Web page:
The Artists Job
What is the job of an artist? Is it just to throw paint on a canvas and watch the world interpret it? Is it to roam around the world and contemplate life 90% of the time and paint 10% of the time?
The artists job is to present his view of the world through the canvases he creates.
I have recently been challenged by the notion that my job as an artist is to paint beautiful pictures that bring colour and imagination into peoples homes and offices. It came to me through a conviction I have felt for years, to paint scenes that were terrible, provocative and disturbing. It's not my job as an artist to shock the viewer, but if I see a situation that evokes a feeling of injustice within me then I am going to feel that when I think of painting.
I am a citizen of the world like any other and I see the news, hear the reports, get bombaster by the deluge of pain and suffering around the world. What can I do about it? So I should just remain in my little nest and just worry about my own little world?
I think not.
My recent series of paintings on the conditions and experiences of the Aboriginal Residential School children in Canada is an example of how my soul became stirred and so much so until my brush had to speak. I battled with my conviction to paint scenes that point directly at the "monsters" who ran the schools and have gotten away with murder and rape and abuse in the highest order.
In my paintings there is no abuse being shown but if you look long enough you can see where the painting is pointing. The monsters lurk around every corner of the scenes. Now I feel as though for these scenarios I have done what I am charged with doing and I have delivered the message clearly. Now I can get on with painting beautiful scenes. Until my inner conscience pulls me in another direction, one where innocence needs a voice.
There lies the job of an artist. To direct the viewer to see things they do not see every day. To understand something they have never considered before.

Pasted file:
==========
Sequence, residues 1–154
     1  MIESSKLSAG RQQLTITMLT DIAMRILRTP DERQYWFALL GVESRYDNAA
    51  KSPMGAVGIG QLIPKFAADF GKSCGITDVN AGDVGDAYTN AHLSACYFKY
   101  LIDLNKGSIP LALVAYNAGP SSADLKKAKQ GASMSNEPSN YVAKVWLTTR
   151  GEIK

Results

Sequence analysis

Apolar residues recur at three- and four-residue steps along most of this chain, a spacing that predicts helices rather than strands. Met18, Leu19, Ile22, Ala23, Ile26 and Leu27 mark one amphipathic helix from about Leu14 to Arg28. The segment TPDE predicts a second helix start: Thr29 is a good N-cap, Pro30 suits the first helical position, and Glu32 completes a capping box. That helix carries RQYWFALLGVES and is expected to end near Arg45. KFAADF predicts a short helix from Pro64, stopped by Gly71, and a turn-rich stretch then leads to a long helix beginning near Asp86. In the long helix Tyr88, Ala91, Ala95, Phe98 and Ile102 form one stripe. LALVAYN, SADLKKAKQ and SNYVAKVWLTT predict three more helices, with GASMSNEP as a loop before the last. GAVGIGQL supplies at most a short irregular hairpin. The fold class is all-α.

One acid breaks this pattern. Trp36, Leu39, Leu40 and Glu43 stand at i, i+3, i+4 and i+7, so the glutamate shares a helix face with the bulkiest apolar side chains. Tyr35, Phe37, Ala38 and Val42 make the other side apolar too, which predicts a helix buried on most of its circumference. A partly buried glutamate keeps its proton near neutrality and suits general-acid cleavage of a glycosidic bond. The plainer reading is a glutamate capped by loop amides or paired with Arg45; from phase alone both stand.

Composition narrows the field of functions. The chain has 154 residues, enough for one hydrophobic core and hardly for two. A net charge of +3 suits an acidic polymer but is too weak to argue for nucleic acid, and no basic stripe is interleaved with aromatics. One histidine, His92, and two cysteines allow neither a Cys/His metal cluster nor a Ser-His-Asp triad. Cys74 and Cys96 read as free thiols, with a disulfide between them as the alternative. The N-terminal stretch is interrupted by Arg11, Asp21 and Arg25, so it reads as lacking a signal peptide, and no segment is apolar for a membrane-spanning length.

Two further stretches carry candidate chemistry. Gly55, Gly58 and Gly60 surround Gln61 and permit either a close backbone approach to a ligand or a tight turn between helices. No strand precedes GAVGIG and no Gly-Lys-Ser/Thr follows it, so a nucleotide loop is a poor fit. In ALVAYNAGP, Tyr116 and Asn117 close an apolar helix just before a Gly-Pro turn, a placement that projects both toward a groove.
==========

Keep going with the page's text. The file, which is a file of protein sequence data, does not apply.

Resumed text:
To polarize their view so that contrasts are made clear for all to see.
I suppose I could go through my entire life painting beautiful sunsets and niceties. I couldn't live like that. when I see the long lines of parents and children at the local food bank I just have to tell that story. Like the one at the Simcoe Hall Settlement House in Oshawa. The other day I went through the drive through of the adjacent coffee shop that rhymes with Jim Bortons, how shocked I was to see that the coffee establishment has hung a tarp over the fence along side the drive through window, it seems to me to block the patrons view of the food bank lines on the other side of the railway tracks. THAT eats at me. I feel a painting coming on in that scene.
I feel, in a way, I am just doing my job.
The Artists Journey
This is my blog page and it is where I get to be the opinionated man that I really am. The views are my own.
I invite your replies and comments, on my virtual welcome mat.
This sketch above became this finished painting below
The Pine Tree Painter.
How did I become known as the Pine Tree Painter? You could say I paint a lot of Pine Trees, that would be true. I paint a lot of other things too, but Pine Trees, Spruce Trees, Birch and others seem to be a continuous string in what i do. I just like the way they stand there like a custodian of the land. or a greeter to nature. So, I continue down the path with the Pine Tree Painter name on my head, It's ok.